Compound UA6 was synthesized in the same way as UA1, using 2-nitroaniline in place of 3-nitroaniline. Yield is 64% (0.899 g, 2.5 mmol), m.p. 150°C. Elemental analysis for C19H16N6O2 is calc. C, 63.34; H, 4.45; N, 23.34; found C, 63.36; H, 4.41; N, 23.36. UV-visible (λmax, nm) 258, 524; 1H NMR (400 MHz, CDCl3) δ 8.20–7.80 (3H, m), 7.60–7.29 (6H, m), 7.16 (2H, t, J = 6.0 Hz), 6.80–6.60 (3H, m), 4.69 (1H, s), 2.96 (1H, s); 13C NMR (100 MHz, CDCl3) δ 163.3, 161.4, 159.3, 153.3, 149.5, 149.4, 148.8, 130.0, 129.9, 129.9, 129.3, 128.8, 122.3, 119.4, 119.4, 119.4, 113.1, 111.2, 110.9, 108.6, 108.4.
2.3. Synthesis of 1-(phenylamino)-2-(4-nitrophenyl)-3-(phenylimino)guanidine (UA7)
Compound UA7 was synthesized in the same fashion as for UA1, using 4-nitroaniline in place of 3-nitroaniline. Yield is 64% (0.899 g, 2.5 mmol). Elemental analysis for C19H16N6O2 is calc. C, 63.34; H, 4.45; N, 23.34; found C, 63.36; H, 4.41; N, 23.36. UV-visible (λmax, nm) 280, 517. 1H NMR (400 MHz, CDCl3) δ 8.30–8.20 (4H, m), 8.07 (1H, s), 7.62–7.45 (6H, m), 7.20–7.10 (2H, m), 6.78–6.69 (2H, m), 3.00 (s). 13C NMR (100 MHz, CDCl3) δ 163.7, 154.7, 152.4, 148.8, 139.6, 130.0, 129.3, 128.8, 125.9, 122.3, 121.2, 119.4, 113.1.
2.4. DNA binding studies
Sodium salt degraded DNA (Salmon Testes) was purchased from Acros organics. The small amount of sodium salt of DNA was dissolved in distilled water and its concentration was measured by spectrophotometer, which gave 6600 M−1 cm−1 molar absorption coefficient at 260 nm. The purity of DNA was measured by the appearance of absorption peaks at 260 and 280 nm [14,15]. The solution was buffered at pH 7 by using phosphate buffer (0.051 g of NaH2PO4 and 0.169 g of Na2HPO4 dissolved in 100 ml distilled water). The prepared DNA solution was stored below 4°C and should be used within 4 days.
2.5. UV-visible spectroscopy
UV-visible spectrum was obtained by using UV/visible spectrophotometer Shimadzu 1800. The interaction of compound UA1 with DNA was carried out by using aqueous ethanol (containing 20% water and 80% ethanol) and phosphate buffer of pH 7. The spectrum of compound UA1 was recorded in the absence and presence of varying concentration of DNA .
The viscometry experiments were performed on Ostwald viscometer at constant temperature 25 ± 1°C. The flow time was recorded with a digital stopwatch. For viscometry, a 100 µM solution of DNA was prepared in 80% ethanol. The solution was buffered at pH 7 by using 10 mM phosphate buffer. The time of flow was recorded for the solution in the absence and presence of 20, 40, 60, 80, 100 and 120 µM concentration of test sample .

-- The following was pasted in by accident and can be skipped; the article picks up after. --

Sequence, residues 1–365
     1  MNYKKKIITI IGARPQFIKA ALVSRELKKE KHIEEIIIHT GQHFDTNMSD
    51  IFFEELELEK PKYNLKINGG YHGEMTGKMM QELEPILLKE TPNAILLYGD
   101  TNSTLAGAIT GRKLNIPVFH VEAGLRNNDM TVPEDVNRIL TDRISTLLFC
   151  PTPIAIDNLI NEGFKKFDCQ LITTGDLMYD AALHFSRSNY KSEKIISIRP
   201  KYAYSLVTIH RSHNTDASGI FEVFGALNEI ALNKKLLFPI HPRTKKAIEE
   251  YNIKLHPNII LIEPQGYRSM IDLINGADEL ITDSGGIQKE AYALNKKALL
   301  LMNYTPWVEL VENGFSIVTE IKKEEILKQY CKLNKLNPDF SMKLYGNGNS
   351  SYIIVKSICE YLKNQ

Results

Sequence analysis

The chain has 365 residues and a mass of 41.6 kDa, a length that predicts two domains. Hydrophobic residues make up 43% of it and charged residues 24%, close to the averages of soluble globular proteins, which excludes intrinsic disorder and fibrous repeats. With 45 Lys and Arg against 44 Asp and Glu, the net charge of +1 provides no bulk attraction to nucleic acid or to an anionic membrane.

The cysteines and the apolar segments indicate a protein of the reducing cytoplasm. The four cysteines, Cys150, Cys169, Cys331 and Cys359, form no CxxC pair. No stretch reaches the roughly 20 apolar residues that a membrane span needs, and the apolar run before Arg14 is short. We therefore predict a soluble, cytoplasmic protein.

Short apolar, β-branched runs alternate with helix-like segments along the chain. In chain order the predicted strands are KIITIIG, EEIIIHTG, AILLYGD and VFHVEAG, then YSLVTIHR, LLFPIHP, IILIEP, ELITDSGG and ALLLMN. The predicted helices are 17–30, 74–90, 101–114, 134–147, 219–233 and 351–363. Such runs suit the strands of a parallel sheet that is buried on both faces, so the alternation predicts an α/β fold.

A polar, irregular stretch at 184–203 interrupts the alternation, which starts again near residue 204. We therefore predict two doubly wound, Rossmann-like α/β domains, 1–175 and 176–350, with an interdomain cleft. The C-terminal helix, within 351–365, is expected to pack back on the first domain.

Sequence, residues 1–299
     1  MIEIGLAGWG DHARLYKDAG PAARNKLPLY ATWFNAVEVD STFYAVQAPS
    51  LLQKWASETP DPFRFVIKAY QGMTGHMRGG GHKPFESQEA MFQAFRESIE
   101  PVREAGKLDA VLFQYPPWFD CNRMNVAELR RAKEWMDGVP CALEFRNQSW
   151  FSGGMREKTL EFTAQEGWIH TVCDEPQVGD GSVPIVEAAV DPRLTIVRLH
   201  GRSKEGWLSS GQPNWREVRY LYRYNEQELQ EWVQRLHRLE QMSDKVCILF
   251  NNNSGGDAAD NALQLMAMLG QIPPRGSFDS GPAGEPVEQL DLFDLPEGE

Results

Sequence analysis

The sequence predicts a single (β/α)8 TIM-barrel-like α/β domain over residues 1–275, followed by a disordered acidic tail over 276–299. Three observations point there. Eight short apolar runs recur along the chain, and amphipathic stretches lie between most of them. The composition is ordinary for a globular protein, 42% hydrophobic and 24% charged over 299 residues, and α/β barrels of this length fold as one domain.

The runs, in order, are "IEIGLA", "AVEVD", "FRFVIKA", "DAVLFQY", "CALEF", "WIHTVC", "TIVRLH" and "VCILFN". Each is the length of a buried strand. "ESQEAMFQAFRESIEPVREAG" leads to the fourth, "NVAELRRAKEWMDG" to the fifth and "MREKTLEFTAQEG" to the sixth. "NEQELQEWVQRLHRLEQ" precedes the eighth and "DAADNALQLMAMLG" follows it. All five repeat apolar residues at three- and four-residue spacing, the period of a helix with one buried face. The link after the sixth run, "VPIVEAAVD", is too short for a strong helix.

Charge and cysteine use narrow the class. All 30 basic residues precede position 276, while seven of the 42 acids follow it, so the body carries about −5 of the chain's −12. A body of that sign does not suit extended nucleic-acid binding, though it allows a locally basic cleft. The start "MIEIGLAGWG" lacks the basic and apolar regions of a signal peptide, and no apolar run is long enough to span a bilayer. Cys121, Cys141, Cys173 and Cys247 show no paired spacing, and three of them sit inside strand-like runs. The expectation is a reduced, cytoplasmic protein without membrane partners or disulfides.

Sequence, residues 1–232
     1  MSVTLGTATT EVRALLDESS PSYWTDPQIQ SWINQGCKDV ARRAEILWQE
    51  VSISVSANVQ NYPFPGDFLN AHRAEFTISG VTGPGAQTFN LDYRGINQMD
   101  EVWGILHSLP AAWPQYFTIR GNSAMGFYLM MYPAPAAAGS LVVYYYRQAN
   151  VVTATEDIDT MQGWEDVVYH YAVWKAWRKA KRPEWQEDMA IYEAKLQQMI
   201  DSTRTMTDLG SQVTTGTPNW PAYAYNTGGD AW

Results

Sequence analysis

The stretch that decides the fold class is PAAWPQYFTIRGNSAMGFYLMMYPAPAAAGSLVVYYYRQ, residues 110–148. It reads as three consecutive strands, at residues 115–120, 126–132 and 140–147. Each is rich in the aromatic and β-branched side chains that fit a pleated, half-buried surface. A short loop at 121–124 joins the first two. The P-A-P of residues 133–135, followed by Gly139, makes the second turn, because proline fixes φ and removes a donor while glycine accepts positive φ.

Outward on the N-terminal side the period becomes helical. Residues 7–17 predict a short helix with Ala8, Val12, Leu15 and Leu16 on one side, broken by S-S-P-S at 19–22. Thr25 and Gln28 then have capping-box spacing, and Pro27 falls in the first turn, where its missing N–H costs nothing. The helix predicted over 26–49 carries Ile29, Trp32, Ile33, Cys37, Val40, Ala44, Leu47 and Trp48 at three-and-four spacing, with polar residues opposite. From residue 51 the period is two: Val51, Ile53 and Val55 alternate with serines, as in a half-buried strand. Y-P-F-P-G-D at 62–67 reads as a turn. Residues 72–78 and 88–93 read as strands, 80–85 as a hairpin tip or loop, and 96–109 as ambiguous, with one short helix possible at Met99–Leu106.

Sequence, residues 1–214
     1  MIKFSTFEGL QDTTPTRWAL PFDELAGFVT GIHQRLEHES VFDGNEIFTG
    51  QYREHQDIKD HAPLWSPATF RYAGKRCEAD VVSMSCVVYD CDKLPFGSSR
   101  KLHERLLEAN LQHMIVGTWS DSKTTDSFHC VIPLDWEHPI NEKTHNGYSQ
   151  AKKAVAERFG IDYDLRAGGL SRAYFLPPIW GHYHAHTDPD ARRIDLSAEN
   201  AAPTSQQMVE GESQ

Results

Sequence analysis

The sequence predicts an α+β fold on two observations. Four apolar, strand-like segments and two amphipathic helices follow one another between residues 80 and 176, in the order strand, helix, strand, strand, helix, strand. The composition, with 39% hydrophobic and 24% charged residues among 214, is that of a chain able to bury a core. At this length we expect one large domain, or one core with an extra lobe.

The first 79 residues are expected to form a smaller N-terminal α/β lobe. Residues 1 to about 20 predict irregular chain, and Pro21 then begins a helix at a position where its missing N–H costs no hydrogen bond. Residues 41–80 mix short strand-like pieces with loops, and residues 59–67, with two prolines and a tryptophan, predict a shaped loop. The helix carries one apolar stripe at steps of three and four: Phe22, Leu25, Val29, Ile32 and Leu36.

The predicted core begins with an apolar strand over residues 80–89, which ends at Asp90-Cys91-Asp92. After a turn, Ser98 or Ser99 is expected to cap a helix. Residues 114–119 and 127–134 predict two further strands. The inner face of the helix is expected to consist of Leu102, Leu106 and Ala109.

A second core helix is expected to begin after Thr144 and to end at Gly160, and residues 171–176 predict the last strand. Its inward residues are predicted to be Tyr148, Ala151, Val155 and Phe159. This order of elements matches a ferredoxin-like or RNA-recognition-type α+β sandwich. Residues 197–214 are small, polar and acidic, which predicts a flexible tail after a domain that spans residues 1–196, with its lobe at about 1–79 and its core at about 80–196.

2.7. Cyclic voltammetry
For cyclic voltammetry analysis, the compound UA1 was analysed by using glassy carbon electrode in reference with standard calomel electrode (SCE) in aqueous ethanol containing 20% of water and 80% of ethanol. Electrolyte used for the CV is TBAP (tetrabutyl ammonium phosphate) of 1 × 10−3 M. The anodic peak was observed in the range of −1.6 to −0.2 V at a scanning rate of 100 mV s−1. The cyclic voltammetry of compound UA1 was studied by varying the concentration of DNA at pH 7 and the electrodes were cleaned before every experiment [18,19].
3. Results and discussion
3.1. Synthesis and characterization
The compounds UA1, UA6 and UA7 were synthesized by the guanylation reaction between dithizone and nitro-anilines by using Hg2+ as a sulfur abstracting agent (scheme 1). The guanylation reaction is well reported for the synthesis of such guanidine derivatives [20,21].
These novel compounds have been structurally characterized by instrumental methods like elemental analysis, different spectroscopic techniques and cyclic voltammetry. The elemental analysis shows that the suggested molecular composition is in good agreement with the experimental results and also confines the bulk purity of the compounds. The vibrational spectroscopy shows the appearance of C = N stretching band at 1510–1527 cm−1 indicating the formation guanidine nucleus in accordance with the literature data [21,22]. The remaining FTIR data as reported in the experimental section explain the structural features of the respective compounds.
In solution phase, the synthesized molecules have been characterized by NMR (1H, 13C), UV-visible spectroscopy and cyclic voltammetry. The NMR data were recorded in CDCl3 and TMS was referenced as the internal standard. Using the 1H NMR, the successful formation of UA1, UA6 and UA7 can be judged from the proton chemical shift of the NH groups; those appeared in the range of 2.94–4.69 ppm and the total number of protons (integration value) appeared in the spectra matches with the suggested structures. In 13C NMR, the synthesis of UA1, UA6 and UA7 can be confirmed by the presence of the most downfield guanidine carbon at 163.8, 163.3 and 163.7 ppm, respectively. In addition, the number of carbon atoms that appeared in 13C NMR spectra for these compounds is in agreement with their confined structures. The UV-visible spectra of all the synthesized compounds were taken in 80% ethanol/water (20%) solution. The UV-visible spectra for all the synthesized compounds have been presented in figure 1. The characteristic UV-visible spectrum contains two bands. One band is in the UV region of the spectrum at 250–320 nm ranges with λmax at 265, 258 and 280 nm for UA1, UA6 and UA7, respectively. This UV-region band can be assigned to the phenyl ring based π–π* electronic transitions in these compounds. The other band in these compounds appeared in the visible region of the spectrum with a lower energy shoulder. The bands appeared with λmax at 490,524 and 517 nm for UA1, UA6 and UA7, respectively, and can be assigned to π–π* transition of the azo-group based on the extended resonance system as shown in figure 1. The shoulders appeared at about 580 nm for all compounds and can be assigned to n–π* transition of the system.